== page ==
Diane Wolkstein

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Diane Wolkstein (November 11, 1942 – January 31, 2013) was a folklorist and author of children's books. She also served as New York City's official storyteller from 1967–1971.[1]

Biography[edit]

As New York's official storyteller beginning in 1967,[2] Wolkstein visited two of the city's parks each weekday, staging hundreds of one-woman storytelling events.[1] After successfully talking her way into the position, she realized "there was no margin for error," she said in a 1992 interview. "I mean, it was a park. [The children would] just go somewhere else if they didn't like it."[1]

She also had a radio show on WNYC, Stories From Many Lands, from 1968 until 1980, and she helped create the Storytelling Center of New York City.[1]

Wolkstein authored two dozen books, primarily collections of folk tales and legends she gathered during research trips. She made many visits to China, Haiti and Africa.[1] She collaborated with Assyriologist Samuel Noah Kramer to translate Inanna, Queen of Heaven and Earth, the story of Inanna, the Sumerian goddess of fertility, love, and war.[3]

The Library of Congress houses an archive of Wolkstein's photographs, performance events and productions, interviews, and other materials.[3][2]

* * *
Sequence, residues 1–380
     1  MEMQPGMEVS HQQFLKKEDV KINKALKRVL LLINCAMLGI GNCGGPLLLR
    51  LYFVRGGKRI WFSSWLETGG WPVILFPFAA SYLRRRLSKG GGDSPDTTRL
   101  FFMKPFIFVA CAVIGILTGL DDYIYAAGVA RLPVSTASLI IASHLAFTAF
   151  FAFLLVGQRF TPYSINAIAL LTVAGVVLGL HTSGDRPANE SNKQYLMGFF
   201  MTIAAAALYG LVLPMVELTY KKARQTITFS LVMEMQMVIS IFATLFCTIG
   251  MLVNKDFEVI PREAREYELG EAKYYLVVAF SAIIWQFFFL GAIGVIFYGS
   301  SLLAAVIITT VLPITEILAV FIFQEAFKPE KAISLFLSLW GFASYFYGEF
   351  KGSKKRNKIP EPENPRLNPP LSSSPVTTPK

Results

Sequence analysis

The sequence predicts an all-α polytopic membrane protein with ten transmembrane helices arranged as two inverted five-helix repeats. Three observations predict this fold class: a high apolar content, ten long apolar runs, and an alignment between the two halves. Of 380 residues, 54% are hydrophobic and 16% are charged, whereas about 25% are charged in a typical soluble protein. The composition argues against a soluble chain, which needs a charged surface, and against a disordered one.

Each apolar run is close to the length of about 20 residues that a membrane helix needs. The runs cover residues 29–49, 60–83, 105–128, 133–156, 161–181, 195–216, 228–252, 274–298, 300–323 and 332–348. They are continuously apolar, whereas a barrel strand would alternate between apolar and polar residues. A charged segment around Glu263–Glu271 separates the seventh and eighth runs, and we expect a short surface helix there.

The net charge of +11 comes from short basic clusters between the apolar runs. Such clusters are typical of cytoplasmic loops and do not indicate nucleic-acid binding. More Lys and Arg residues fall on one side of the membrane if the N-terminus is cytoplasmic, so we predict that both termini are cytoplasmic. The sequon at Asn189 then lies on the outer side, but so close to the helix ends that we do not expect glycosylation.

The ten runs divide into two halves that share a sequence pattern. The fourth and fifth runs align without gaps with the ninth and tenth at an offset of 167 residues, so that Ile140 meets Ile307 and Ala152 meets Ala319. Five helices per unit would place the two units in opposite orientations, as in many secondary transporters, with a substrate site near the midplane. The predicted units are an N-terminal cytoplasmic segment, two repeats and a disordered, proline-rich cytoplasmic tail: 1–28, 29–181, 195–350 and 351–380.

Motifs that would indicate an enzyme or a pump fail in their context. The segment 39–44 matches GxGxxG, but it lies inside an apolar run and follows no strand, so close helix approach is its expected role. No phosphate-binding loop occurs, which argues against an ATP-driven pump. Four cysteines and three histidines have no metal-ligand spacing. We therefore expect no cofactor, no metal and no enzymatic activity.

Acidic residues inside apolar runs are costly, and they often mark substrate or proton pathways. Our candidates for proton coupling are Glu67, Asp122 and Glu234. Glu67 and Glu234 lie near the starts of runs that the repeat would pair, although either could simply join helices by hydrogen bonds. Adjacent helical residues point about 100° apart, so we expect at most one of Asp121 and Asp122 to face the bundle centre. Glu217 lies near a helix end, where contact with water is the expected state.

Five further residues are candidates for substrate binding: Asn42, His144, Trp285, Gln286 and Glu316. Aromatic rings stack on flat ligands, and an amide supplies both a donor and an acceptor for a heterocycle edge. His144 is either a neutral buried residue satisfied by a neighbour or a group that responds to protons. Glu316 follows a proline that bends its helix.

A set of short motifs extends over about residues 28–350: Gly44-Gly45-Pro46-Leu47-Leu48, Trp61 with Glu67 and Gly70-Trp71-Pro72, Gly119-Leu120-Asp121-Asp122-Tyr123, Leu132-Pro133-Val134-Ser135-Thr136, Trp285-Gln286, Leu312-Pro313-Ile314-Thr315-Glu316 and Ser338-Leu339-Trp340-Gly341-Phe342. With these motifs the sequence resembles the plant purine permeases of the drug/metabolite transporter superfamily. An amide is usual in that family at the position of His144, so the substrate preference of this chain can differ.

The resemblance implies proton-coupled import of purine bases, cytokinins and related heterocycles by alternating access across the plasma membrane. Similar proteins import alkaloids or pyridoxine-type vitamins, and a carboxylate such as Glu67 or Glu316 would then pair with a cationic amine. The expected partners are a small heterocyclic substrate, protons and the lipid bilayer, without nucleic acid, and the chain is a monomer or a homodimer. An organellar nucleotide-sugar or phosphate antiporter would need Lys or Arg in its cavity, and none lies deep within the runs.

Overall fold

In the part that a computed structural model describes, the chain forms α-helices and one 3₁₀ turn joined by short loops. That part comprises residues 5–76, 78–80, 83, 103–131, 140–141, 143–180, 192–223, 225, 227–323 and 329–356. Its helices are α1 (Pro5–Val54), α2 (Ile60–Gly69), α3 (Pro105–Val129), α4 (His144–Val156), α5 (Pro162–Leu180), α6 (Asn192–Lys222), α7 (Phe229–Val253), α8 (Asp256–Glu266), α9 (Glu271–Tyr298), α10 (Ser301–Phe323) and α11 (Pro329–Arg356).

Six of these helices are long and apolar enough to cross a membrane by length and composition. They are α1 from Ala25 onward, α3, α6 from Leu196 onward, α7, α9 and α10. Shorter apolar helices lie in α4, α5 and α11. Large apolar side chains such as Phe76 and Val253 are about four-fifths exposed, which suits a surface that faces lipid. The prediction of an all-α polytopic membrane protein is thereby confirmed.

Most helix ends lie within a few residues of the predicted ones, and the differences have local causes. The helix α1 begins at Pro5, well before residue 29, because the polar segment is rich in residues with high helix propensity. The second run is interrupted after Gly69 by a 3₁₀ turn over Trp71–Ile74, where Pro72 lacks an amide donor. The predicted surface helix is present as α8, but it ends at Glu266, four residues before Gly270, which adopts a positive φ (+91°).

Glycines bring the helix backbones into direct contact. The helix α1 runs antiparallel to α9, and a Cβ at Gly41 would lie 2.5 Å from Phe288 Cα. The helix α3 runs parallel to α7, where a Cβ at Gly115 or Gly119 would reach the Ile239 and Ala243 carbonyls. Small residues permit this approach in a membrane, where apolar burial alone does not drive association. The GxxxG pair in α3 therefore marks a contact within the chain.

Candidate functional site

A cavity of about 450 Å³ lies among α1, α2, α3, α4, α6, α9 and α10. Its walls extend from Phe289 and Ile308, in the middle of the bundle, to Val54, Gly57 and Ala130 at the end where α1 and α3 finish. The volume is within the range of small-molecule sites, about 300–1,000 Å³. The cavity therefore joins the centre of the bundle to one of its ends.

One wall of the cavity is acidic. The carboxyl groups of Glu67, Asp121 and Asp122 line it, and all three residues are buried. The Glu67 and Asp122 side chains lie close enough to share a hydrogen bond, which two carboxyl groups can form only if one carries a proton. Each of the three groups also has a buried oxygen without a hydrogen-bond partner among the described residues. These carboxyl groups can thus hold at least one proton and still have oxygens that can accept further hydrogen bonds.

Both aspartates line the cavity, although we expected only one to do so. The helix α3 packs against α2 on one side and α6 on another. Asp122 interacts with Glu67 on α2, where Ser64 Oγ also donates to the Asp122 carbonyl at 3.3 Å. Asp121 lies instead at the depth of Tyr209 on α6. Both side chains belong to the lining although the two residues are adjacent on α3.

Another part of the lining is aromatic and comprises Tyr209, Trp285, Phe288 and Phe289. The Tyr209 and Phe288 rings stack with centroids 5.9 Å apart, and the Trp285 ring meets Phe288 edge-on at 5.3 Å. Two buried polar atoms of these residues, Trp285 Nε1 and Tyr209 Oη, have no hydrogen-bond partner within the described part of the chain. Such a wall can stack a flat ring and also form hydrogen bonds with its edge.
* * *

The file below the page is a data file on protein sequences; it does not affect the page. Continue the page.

Personal life[edit]

Wolkstein was born in Newark, New Jersey and grew up in Maplewood, New Jersey. Her father Henry was an accountant and her mother Ruth was a librarian. She received a bachelor's degree from Smith College and a master's degree in education from Bank Street College of Education.[1] While living in Paris, she studied mime under Étienne Decroux.[1] She had a daughter, Rachel Zucker.[2]

Wolkstein was in Taiwan to research a book of Chinese folk stories when she underwent emergency surgery for a heart condition. She died in the city of Kaohsiung at the age of 70.[1]

References[edit]

  1. ^ a b c d e f g h Vitello, Paul (3 February 2013). "Diane Wolkstein, Author Who Led a Storytelling Revival, Dies at 70". The New York Times. p. B3. Retrieved 16 July 2016.
  2. ^ a b c "Diane Wolkstein collection". Library of Congress. Retrieved 20 August 2020.
  3. ^ a b Lanset, Andy (23 March 2020). "Diane Wolkstein and Stories From Many Lands". NYPR Archives & Preservation. Retrieved 20 August 2020.